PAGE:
The Koop: Reclaiming The Flood Of Electronic Waste
Charles McDaniels likes to laugh. But if you saw where he works your immediate reaction might be to cry.
You see, he runs a warehouse filled with tons of discarded computers, monitors, printers, phones - just about anything with an on-off switch. Then it hits you: if it wasn’t here, where would it be?
According to the EPA, only about one in four household electronics gets recycled. And that’s where Charles comes in as a state certified e-waste collector.
Charles McDaniels: "Most people just buy it and don’t worry about where it goes after they get rid of it. But the main part is people want to get rid of stuff because they want to move on and buy more stuff."
Stuff … or hoarding or collectibles or even junk .. That is what I thought the story would be coming out of Charles’s little shop across from the Minor Theater. It’s called The Koop. And it’s like the mutant offspring of mating a salvage yard with your grandmother’s attic.
But you’ll rarely find Charles there anymore. Just his cell phone number taped to the window.
That’s because for the past 15 years his business has morphed into US Recycling at the Koop: a massive warehouse on the edge of town that is now a cog in the equally massive, e-scrap -- or e-waste -- industry. Recycling electronics is estimated to infuse over 20-billion dollars into the US economy.
Charles Mc Daniels: "You have that laptop right there. That is out-of-date already. So the best thing we can do is take it apart and get it ready for market. You got the battery, you got this board right here which is aluminum, and you can see all the silver in the hard drive. The main part is gold."
It’s all sent down to the Bay Area by the truckload to be processed by certified recyclers. Charles takes out his yet-to-be-recycled smart phone and checks out the real-time pricing on precious metals.
Charles Mc Daniels: " … Gold at $1,280, copper at $261, platinum, silver …"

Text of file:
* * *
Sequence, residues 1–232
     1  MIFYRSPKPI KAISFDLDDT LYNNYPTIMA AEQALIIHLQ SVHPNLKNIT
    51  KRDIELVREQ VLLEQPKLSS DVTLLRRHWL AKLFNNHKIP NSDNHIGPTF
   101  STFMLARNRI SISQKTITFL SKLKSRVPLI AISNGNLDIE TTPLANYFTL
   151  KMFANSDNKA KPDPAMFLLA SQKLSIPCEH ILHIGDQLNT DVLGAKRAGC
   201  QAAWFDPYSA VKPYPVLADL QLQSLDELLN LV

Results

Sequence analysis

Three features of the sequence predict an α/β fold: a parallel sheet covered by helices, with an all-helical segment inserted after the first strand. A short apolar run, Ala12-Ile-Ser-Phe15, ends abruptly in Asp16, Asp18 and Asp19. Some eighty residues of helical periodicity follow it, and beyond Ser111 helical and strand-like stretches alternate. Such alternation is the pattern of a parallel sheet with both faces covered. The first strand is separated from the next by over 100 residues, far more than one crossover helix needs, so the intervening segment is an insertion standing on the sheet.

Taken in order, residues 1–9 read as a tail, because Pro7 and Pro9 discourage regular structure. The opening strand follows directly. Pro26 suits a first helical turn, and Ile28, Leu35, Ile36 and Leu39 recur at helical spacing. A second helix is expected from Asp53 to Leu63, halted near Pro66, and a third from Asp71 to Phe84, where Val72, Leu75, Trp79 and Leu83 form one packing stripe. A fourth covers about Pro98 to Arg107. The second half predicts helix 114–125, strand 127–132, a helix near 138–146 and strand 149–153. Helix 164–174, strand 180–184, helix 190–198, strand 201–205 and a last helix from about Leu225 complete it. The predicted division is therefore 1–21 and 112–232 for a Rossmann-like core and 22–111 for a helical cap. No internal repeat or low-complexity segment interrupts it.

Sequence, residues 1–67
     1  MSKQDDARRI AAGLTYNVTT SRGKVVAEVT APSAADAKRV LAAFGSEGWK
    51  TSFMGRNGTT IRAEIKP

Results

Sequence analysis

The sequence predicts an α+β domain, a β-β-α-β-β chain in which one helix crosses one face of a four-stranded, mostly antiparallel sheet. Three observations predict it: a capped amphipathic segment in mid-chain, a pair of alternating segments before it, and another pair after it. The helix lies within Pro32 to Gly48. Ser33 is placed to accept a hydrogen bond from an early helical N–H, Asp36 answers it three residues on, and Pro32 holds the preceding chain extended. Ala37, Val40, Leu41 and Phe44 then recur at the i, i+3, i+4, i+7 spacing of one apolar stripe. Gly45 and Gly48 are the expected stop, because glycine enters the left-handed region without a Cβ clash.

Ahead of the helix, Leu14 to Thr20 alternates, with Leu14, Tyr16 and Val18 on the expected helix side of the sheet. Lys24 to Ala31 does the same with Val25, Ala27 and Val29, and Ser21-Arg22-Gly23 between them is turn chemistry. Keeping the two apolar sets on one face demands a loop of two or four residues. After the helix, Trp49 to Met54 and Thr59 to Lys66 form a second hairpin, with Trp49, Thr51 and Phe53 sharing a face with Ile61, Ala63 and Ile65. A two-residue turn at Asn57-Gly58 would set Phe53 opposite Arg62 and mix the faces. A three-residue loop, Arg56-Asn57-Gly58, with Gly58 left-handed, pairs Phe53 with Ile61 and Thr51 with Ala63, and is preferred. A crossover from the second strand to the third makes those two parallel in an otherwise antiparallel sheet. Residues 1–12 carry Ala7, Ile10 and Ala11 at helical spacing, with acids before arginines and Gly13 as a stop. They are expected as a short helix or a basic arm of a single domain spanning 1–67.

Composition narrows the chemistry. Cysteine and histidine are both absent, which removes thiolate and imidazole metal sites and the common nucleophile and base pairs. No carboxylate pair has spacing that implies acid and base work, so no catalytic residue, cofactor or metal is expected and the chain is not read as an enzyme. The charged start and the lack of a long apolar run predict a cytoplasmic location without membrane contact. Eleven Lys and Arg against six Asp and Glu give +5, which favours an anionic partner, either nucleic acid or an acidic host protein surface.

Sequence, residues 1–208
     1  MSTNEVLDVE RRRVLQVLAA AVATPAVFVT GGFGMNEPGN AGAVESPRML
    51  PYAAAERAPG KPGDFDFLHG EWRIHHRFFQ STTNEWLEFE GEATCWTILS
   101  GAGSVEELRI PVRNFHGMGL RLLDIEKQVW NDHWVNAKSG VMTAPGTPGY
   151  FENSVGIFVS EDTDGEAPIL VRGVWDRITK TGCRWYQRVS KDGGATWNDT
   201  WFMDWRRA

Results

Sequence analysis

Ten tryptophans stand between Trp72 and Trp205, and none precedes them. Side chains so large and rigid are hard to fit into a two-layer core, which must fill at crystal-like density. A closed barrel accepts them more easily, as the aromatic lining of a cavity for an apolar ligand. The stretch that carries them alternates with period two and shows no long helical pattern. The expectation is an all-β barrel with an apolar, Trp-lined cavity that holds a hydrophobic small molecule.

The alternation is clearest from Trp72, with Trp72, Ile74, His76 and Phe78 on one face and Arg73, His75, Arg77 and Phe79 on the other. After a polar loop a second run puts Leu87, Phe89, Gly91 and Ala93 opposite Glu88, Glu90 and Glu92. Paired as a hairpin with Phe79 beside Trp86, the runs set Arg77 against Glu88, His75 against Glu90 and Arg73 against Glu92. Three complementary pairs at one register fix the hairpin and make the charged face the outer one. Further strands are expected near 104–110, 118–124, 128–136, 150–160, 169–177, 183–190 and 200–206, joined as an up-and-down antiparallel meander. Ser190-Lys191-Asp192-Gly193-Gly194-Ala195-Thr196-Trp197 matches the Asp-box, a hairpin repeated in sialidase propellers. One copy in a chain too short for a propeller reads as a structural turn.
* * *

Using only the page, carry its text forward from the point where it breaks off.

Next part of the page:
Americans own about 24 electronic products per household and most of these are not designed to last over a decade. So it’s not surprising we generate about 15 pounds of electronic waste, per person, per year. E-waste is now the fastest growing sector in the waste stream. The vast majority of this is regulated at the state level.
John Lingelbach: "There is not a federal mandate at this point, or anything like a comprehensive approach to electronics recycling, or the management of end-of-life electronics and that is unfortunate."
John Lingelbach is Executive Director of Sustainable Electronics Recycling International, or SERI. It’s a non-profit that, amongst other things, helped develop an R2 - or ‘Responsible Recycling’ - certification. It helps consumers know if their dead electronics are being properly recycled.
Searching their website you find nearly 30 certified recyclers in Northern California, four in Portland, and three near Seattle. Of the 25 states with mandated e-recyling, Oregon, Washington and California are consistently in the top 10 for best collection rates of electronic waste.
Charles McDaniels: "I think California has it under control that you have logs and everything is tracked back."
And California is the only state which taxes the consumer when they buy electronics, rather than the manufacturers or retailers. This Electronic Waste Recycling Fee helps fund and regulate collectors like Charles.
Charles McDaniels: "I think it is a great plan because the consumer gets to participate in the disposal."
Charles is now in his seventies. He’s endured a kidney transplant, triple bypass, even radiation. I hesitate to ask him if he ever feels recycled himself. Instead I just ask when he thinks he’ll retire.
Charles Mc Daniel: "When I get rid all of this stuff! (laugh) ... I need to retire and buy a Porsche …(new or used?) … Any way it comes!" (laugh)
I find it easy to feel jaded in Charles warehouse thinking about the the cycle of obsolescence: consume, upgrade, and discard.
But Charles … he’s still laughing.